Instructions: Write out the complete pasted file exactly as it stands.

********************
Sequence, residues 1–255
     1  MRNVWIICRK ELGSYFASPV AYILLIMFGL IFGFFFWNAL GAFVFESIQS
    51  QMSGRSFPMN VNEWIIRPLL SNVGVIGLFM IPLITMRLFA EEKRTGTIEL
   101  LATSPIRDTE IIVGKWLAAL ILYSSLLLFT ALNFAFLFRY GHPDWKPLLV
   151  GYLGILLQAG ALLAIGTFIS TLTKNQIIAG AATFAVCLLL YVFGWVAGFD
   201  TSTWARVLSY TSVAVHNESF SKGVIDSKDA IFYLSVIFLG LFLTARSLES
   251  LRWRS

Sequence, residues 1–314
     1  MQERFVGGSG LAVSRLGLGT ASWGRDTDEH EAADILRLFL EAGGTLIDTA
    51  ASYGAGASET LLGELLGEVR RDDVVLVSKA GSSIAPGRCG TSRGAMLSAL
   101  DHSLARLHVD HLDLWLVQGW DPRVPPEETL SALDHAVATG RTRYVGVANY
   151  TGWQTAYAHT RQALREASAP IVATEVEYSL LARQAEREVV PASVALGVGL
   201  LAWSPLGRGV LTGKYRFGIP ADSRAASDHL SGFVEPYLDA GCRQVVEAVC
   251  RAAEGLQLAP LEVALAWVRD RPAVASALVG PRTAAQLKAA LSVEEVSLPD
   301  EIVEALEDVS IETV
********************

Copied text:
Sequence, residues 1–255
     1  MRNVWIICRK ELGSYFASPV AYILLIMFGL IFGFFFWNAL GAFVFESIQS
    51  QMSGRSFPMN VNEWIIRPLL SNVGVIGLFM IPLITMRLFA EEKRTGTIEL
   101  LATSPIRDTE IIVGKWLAAL ILYSSLLLFT ALNFAFLFRY GHPDWKPLLV
   151  GYLGILLQAG ALLAIGTFIS TLTKNQIIAG AATFAVCLLL YVFGWVAGFD
   201  TSTWARVLSY TSVAVHNESF SKGVIDSKDA IFYLSVIFLG LFLTARSLES
   251  LRWRS

Sequence, residues 1–314
     1  MQERFVGGSG LAVSRLGLGT ASWGRDTDEH EAADILRLFL EAGGTLIDTA
    51  ASYGAGASET LLGELLGEVR RDDVVLVSKA GSSIAPGRCG TSRGAMLSAL
   101  DHSLARLHVD HLDLWLVQGW DPRVPPEETL SALDHAVATG RTRYVGVANY
   151  TGWQTAYAHT RQALREASAP IVATEVEYSL LARQAEREVV PASVALGVGL
   201  LAWSPLGRGV LTGKYRFGIP ADSRAASDHL SGFVEPYLDA GCRQVVEAVC
   251  RAAEGLQLAP LEVALAWVRD RPAVASALVG PRTAAQLKAA LSVEEVSLPD
   301  EIVEALEDVS IETV